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WMC21: Day 2 Highlights

August 26, 2021 2 comments

We started the 2nd day of WMC21 with the breakout sessions, no keynotes. There were two sessions run in parallel, so you had to choose the topic which would be more of interest to you.

My first session, The Art of Storytelling for the Wine Industry, was presented by Jill Barth, a seasonal wine writer who writes for Forbes, Wine Enthusiast, Decanter, and other wine publications. Jill also won multiple awards (best wine blog 2016, Millessima wine and food pairing award, etc). Jill had a lot of good advice on how to build your story, what would make it a good story, how to pitch your story to the editors, and more.

Next, I listened to Scott Fish from 32 Digital, who was talking about taking your Instagram account to the next level. There were a lot of good information presented in the session – what are the best and worst times to post (it appears that Sunday is one of the worst days for the posts), how many tags to use, the optimal number of pictures in the gallery and so on. There were also some interesting tools recommendations, such as Answer To Public – a service that allows finding the most popular searches at the moment for a given keyword(s), all presented in an interesting format. You can see an example below of the search results for the keywords “red wine”.

You can definitely play with the tool, however, note that with the free search, you get a limited number of searches per IP address per day (I think 3 or 4), so play wisely.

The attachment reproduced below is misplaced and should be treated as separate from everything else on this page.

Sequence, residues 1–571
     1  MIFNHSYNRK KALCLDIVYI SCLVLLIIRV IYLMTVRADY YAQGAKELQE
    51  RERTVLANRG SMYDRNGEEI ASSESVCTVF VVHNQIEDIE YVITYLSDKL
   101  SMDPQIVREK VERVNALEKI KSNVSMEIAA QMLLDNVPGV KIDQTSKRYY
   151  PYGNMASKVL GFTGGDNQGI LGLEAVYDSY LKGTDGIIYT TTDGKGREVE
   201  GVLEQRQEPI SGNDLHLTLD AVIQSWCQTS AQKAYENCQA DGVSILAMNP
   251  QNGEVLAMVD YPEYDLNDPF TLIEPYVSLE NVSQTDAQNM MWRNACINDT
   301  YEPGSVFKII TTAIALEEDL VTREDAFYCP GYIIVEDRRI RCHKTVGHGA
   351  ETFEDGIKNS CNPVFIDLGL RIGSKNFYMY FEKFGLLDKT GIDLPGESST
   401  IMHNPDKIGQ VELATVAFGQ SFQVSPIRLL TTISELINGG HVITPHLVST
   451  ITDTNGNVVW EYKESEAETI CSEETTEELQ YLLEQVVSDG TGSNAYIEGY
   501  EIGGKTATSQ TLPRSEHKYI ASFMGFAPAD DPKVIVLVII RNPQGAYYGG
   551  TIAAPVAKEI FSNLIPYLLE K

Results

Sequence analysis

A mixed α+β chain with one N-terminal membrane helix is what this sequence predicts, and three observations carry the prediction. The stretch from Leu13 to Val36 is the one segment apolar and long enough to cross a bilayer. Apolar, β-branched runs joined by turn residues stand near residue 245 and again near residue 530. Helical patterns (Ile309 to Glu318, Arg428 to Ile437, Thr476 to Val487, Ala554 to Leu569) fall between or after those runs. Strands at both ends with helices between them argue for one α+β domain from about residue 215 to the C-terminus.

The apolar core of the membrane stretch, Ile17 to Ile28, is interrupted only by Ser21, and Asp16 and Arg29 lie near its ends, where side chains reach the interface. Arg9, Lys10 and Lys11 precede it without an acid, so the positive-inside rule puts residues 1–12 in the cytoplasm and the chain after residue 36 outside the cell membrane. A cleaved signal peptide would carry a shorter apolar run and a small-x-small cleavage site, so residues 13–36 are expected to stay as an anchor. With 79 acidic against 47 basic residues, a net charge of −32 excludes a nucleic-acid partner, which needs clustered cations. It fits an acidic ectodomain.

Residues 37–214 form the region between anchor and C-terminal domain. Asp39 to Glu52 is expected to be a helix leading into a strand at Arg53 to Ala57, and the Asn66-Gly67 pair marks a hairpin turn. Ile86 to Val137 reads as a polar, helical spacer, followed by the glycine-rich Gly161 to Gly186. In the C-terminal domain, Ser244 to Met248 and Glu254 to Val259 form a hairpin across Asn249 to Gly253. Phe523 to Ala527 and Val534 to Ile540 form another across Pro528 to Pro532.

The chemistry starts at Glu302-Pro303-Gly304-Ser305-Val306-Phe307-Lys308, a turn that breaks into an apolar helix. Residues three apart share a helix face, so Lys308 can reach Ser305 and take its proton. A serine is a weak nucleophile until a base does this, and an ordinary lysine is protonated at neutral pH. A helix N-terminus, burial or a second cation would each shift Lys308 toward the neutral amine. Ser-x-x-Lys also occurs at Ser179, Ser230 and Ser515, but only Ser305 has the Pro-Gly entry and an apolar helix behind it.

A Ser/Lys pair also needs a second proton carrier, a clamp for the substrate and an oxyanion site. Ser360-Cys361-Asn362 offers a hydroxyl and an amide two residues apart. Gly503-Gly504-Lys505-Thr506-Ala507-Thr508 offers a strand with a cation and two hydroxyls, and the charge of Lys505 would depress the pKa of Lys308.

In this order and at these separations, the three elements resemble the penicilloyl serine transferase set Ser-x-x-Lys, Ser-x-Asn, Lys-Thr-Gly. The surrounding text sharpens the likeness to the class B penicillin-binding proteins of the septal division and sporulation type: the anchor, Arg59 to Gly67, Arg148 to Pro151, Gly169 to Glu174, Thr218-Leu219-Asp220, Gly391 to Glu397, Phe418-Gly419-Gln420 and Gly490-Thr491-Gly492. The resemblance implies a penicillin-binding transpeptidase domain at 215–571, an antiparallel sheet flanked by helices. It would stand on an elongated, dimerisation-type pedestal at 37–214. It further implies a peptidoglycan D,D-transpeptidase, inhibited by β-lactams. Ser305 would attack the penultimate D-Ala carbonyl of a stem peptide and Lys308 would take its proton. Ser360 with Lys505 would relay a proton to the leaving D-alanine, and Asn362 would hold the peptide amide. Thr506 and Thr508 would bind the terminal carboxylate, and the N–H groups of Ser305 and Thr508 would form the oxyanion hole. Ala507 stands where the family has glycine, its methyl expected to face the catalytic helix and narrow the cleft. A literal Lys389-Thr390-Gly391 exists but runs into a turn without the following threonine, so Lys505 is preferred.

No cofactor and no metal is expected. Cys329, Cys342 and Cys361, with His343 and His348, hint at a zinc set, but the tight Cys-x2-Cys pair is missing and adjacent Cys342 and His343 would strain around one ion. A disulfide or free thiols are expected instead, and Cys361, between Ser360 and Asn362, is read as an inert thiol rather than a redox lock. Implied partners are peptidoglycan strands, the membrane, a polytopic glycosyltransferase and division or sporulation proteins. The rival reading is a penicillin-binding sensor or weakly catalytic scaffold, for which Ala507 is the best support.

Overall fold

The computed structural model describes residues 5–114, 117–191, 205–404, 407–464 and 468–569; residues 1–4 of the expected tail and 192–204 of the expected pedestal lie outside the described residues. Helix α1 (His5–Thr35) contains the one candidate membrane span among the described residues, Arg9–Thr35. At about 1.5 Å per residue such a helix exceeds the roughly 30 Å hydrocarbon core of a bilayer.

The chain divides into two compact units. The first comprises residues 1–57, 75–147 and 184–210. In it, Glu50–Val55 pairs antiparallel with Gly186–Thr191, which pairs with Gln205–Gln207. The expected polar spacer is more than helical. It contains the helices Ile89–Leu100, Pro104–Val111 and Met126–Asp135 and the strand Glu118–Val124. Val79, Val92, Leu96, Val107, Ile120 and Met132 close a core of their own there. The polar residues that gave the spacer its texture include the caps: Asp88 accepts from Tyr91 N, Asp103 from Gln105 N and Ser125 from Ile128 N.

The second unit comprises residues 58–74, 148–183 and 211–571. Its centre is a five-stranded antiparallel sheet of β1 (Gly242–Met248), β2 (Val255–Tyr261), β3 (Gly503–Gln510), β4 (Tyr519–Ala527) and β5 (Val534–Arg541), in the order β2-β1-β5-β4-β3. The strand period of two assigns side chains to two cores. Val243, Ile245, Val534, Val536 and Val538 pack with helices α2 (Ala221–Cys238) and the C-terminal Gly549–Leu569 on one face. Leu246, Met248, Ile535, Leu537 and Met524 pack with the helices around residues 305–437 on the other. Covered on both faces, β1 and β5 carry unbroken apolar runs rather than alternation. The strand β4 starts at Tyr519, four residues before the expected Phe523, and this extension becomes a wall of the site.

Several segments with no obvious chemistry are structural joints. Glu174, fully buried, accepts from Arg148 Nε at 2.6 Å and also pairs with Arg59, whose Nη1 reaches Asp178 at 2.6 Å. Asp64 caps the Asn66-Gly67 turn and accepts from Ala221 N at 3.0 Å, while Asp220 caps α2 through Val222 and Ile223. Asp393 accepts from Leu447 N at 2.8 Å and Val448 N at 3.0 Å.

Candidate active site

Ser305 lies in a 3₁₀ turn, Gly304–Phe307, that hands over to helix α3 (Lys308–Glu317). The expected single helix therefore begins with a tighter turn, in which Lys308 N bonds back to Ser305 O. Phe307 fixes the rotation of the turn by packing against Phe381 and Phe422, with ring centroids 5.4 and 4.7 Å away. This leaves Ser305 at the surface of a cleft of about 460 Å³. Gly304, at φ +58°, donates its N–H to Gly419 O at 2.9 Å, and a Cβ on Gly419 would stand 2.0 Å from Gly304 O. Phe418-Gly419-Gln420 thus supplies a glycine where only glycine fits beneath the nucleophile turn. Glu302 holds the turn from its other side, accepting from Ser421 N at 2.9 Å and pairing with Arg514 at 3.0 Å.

Another interesting tool I learned about was Geolmgr which allows you to geotag your photos to a specific geographic location.

The next session, Digital Marketing for Wine Media, was presented by Mike Wangbickler, wine blogger, long-time WMC attendee, and owner of Balzac Communications agency. Mike started with some hard questions to the audience, such as “why do you have a wine blog” – it appears that literally no one had a wine blog to make money. Then Mike went on to talk about a plethora of tools available today to the bloggers in terms of SEO, content management, optimizing your delivery to your customer audience, and lots more.

After lunch, we had an excellent panel on Oregon sparkling wine. Before the session started we had an opportunity to taste three of the Oregon sparkling wines from the wineries participating in the panel. One of the wines was delicious sparkling Tannat from Troon Vineyards which we tasted on the first day. My other favorite was the 2017 Willamette Valley Vineyards Brut Sparkling Wine, which had all the classic Champagne traits – a touch of toasted bread on the nose, crisp, tight, and elegant on the palate.

The panel discussion was joined by Craig Camp, Troon Vineyard, Christine Clair, Willamette Valley Vineyards, Jessica Thomas, Sweet Cheeks Winery, and moderated by L.M. Archer.